There are at least a couple of ways to view the SQL generated by NHibernate. The easiest way is probably to use the
hibernate.show_sql configuration property to dump it all to
<?xml version="1.0" encoding="utf-8" ?> <configuration> <configSections> <section name="nhibernate" type="System.Configuration.NameValueSectionHandler, System, Version=18.104.22.168, Culture=neutral, PublicKeyToken=b77a5c561934e089" /> </configSections> <nhibernate> <add key="hibernate.connection.provider" value="NHibernate.Connection.DriverConnectionProvider" /> ... <add key="hibernate.show_sql" value="true" /> </nhibernate> </configuration>
Another way is to configure log4net. NHibernate logs a wealth of information, but you can restrict it to just the generated SQL by doing the following:
<?xml version="1.0" encoding="utf-8" ?> <configuration> <configSections> <section name="nhibernate" type="System.Configuration.NameValueSectionHandler, System, Version=22.214.171.124, Culture=neutral, PublicKeyToken=b77a5c561934e089" /> <section name="log4net" type="log4net.Config.Log4NetConfigurationSectionHandler,log4net"/> </configSections> <nhibernate> ... </nhibernate> <log4net> <appender name="ConsoleAppender" type="log4net.Appender.ConsoleAppender"> <layout type="log4net.Layout.PatternLayout"> <conversionPattern value="%date - %message%newline"/> </layout> </appender> <!-- NHibernate.SQL logs all generated SQL (see update below) --> <logger name="NHibernate.SQL" additivity="false"> <level value="DEBUG" /> <appender-ref ref="ConsoleAppender" /> </logger> <!-- NHibernate.Loader.Loader logs diagnostic stuff and SELECTs. You can use either logger, or both, depending on you needs. --> <logger name="NHibernate.Loader.Loader" additivity="false"> <level value="INFO" /> <appender-ref ref="ConsoleAppender" /> </logger> </log4net> </configuration>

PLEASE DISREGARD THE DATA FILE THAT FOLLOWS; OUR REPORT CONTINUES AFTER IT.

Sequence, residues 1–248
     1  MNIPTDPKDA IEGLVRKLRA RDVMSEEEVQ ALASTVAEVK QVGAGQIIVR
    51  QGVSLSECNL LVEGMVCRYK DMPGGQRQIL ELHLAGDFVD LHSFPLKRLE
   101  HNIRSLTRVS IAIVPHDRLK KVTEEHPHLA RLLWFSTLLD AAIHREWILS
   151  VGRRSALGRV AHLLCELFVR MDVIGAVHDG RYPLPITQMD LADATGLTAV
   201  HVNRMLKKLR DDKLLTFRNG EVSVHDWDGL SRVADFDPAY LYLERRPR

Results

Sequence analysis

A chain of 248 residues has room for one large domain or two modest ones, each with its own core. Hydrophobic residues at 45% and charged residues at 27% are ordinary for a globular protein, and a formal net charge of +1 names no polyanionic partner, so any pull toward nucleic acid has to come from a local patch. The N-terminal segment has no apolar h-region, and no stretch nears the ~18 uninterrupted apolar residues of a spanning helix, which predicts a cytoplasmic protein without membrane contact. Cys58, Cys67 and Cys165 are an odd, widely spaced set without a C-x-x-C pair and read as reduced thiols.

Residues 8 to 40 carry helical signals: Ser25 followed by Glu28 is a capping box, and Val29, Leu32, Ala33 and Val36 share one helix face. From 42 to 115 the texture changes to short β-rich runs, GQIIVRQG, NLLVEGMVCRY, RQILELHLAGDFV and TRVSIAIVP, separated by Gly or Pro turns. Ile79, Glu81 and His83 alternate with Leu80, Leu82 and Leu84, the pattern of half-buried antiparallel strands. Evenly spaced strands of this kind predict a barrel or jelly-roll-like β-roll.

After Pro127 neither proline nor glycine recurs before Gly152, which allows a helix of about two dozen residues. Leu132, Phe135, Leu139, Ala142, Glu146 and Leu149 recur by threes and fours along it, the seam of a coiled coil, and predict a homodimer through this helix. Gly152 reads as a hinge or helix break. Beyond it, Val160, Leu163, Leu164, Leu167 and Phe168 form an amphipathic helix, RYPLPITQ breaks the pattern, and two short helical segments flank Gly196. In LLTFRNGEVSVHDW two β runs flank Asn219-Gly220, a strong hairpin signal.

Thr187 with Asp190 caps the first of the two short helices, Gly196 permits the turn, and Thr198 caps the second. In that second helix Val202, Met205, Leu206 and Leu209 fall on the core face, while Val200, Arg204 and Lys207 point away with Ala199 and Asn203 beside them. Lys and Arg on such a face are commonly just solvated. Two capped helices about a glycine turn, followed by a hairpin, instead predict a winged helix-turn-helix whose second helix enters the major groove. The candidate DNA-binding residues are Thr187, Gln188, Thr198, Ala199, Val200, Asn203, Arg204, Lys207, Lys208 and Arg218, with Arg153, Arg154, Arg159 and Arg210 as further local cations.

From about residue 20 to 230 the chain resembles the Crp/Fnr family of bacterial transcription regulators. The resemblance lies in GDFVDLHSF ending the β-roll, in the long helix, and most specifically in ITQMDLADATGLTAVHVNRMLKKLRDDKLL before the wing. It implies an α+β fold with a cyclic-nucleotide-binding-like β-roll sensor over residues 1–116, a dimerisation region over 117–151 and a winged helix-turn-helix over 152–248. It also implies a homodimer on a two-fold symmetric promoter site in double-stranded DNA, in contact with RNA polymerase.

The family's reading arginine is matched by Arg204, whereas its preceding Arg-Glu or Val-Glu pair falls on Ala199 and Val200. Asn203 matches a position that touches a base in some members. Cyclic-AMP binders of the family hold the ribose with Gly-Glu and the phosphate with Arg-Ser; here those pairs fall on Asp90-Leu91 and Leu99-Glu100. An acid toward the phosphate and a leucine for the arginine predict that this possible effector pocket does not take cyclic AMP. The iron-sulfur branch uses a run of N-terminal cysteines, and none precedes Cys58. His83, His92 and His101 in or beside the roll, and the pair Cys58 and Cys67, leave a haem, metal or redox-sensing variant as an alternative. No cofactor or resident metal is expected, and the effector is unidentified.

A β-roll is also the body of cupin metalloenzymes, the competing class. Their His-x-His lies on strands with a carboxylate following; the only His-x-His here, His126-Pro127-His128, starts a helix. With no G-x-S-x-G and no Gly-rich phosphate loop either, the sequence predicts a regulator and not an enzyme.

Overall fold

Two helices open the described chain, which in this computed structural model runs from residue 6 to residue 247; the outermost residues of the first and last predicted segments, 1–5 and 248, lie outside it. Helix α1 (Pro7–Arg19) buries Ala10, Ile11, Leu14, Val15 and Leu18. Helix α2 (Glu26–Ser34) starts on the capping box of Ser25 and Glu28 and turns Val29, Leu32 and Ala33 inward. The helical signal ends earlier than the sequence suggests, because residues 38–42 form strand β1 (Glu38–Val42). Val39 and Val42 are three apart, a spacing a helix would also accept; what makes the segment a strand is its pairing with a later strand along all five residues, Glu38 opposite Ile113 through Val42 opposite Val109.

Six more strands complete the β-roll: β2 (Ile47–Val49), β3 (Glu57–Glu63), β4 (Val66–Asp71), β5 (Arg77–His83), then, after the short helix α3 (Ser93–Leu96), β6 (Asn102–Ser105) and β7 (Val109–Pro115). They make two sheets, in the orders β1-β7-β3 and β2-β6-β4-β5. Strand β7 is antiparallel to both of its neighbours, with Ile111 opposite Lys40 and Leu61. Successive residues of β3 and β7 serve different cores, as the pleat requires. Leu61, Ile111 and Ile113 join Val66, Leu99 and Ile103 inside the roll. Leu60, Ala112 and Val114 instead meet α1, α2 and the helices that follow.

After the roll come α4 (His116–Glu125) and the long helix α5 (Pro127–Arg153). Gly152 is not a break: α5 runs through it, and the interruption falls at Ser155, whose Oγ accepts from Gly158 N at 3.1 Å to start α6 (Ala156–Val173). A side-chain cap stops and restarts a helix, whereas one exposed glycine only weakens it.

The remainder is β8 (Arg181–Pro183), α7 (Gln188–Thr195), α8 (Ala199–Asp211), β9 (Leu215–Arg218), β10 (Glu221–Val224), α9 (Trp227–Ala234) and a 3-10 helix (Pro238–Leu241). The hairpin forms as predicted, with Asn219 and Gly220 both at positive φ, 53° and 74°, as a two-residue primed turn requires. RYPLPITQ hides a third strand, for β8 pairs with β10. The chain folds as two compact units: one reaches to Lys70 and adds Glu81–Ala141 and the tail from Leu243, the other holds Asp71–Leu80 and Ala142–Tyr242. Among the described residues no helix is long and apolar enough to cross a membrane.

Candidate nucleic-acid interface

Update: Kenneth Xu helpfully pointed out in the comments that
NHibernate.SQL is better for this than
NHibernate.Loader.Loader (which this post originally used), providing more information on both the queries and the updates generated by NHibernate. Dave Perry also pointed out that
NHibernate.SQL logs at
DEBUG level rather than
INFO. Thanks Kenneth and Dave!
This configuration means that anything logged from the
NHibernate.SQL class will go through the logger with the matching name. This class happens to log NHibernate-generated SQL as DEBUG messages. You can also use
NHibernate.Loader.Loader, which logs various diagnostics and SELECTs.
To get this log4net configuration to work, I had to make sure the following code was executed once in the relevant AppDomain:
log4net.Config.XmlConfigurator.Configure();. In my case, I chucked it in the test fixture setup. Calling it multiple times doesn’t seem to break anything, but you really only need to call it once to pickup your configuration.
hibernate.show_sql option, this does not show the values of the parameters passed for substitution in each SQL statement.
Viewing logs in NUnit
NUnit has a Log tab that lists log4net logging information, as well as displaying Console.Out and Console.Error. If you go to the Tools menu –> Options –>Text Output, you can get NUnit to “Display TestCase Labels” for each test. Combined with the logging options above, you can then get a nice view of the SQL used for each of your tests.